Warshaw took the course during the spring of his second year, and it helped him narrow his focus within engineering. After graduation, he hopes to land a job in software engineering.
Computer Science 2150 is offered in the fall and spring, taught by Bloomfield and other professors.
Theory and Practice of Yoga
Religious Studies | Professor John Campbell
It enabled me to take care of myself and stay grounded in what is important.
— Galen Green
Faced with a general education requirement for a course with a non-Western perspective, fourth-year McIntire School of Commerce student Galen Green was eager to test herself and try something different from any of her other courses. She decided on “Theory and Practice of Yoga,” which combines lessons on the history of yoga and how it fits into Buddhism and Hinduism with weekly yoga practice.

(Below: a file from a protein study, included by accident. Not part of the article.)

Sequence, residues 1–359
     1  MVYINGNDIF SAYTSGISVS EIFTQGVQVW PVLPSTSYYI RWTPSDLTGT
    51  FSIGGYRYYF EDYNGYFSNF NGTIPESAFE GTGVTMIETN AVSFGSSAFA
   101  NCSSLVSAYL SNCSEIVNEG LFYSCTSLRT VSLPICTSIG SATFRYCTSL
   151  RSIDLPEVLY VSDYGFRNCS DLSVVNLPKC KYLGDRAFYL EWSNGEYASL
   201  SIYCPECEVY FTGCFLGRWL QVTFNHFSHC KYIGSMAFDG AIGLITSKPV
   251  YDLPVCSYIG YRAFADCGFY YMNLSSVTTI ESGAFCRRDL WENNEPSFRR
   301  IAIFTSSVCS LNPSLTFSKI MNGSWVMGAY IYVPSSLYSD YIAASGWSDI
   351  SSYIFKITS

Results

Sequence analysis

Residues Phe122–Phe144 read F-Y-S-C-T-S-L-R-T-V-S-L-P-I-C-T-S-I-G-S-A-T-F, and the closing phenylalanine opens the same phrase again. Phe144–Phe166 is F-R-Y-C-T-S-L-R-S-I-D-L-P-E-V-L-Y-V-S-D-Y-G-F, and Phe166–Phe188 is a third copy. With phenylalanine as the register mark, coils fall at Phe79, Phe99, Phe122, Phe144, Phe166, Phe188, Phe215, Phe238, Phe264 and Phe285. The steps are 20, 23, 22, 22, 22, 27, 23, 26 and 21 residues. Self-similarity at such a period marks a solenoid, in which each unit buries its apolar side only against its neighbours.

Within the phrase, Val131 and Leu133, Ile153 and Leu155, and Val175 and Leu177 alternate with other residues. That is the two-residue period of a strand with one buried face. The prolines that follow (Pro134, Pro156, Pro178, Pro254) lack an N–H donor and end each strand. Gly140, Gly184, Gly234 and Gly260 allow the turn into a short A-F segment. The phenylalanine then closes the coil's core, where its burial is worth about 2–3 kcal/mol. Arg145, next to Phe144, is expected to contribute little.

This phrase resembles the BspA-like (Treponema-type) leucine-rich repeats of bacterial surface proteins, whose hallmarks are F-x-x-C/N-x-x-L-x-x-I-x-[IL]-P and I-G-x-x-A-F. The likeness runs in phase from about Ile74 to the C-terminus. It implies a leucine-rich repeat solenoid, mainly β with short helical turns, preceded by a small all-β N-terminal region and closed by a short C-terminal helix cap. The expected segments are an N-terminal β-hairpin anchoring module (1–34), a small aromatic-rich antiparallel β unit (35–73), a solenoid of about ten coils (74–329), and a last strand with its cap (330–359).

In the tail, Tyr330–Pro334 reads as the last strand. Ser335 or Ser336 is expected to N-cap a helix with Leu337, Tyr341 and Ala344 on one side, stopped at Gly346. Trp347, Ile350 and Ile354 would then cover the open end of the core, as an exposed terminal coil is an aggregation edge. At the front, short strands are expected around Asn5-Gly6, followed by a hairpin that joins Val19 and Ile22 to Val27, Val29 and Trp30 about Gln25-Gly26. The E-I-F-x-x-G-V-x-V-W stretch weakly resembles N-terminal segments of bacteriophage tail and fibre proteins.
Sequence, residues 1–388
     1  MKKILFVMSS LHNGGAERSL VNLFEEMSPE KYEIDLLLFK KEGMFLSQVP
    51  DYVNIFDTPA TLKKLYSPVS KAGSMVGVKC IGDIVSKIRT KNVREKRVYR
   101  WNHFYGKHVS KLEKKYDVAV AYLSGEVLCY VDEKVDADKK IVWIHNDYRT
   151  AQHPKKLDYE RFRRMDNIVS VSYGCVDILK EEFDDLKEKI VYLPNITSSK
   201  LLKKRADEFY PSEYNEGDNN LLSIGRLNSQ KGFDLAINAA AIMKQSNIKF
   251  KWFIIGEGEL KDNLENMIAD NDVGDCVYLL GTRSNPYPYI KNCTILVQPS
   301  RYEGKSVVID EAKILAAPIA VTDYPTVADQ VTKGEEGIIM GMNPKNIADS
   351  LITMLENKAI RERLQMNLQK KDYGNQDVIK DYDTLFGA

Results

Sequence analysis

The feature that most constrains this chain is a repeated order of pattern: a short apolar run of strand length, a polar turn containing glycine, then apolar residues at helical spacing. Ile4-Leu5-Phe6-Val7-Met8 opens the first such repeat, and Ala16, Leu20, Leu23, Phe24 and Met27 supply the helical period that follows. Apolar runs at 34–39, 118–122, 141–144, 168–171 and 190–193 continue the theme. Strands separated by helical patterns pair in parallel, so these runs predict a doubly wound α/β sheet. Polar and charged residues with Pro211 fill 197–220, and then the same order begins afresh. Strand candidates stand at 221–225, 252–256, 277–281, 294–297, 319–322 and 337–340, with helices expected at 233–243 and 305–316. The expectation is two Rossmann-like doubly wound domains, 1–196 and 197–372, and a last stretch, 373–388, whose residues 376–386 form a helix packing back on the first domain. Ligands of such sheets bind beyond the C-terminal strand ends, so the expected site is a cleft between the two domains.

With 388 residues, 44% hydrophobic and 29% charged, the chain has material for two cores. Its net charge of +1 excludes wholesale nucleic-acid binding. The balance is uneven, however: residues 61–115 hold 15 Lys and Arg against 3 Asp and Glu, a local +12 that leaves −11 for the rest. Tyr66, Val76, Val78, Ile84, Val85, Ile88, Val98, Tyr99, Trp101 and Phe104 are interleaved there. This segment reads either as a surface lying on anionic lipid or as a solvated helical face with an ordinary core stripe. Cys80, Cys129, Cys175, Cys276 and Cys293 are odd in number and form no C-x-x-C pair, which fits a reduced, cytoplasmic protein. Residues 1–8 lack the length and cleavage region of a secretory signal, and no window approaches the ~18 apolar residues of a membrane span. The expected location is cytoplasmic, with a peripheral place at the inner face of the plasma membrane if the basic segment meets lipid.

“After having class on Tuesdays and Thursdays, we met every Friday to have a discussion and do yoga, putting what we talked about into practice,” she said. “It was really cool to see all of that come together.”
Now starting her final year in the Commerce School and serving as president of the Class of 2019 Trustees, Green said she still relies on concepts from the course.
“I learned, and have used since, concepts around thinking internally and calming myself,” she said. “It has been so useful for my career in the Commerce School because it has enabled me to take care of myself and stay grounded in what is important. When things get stressful, I think back to that class.”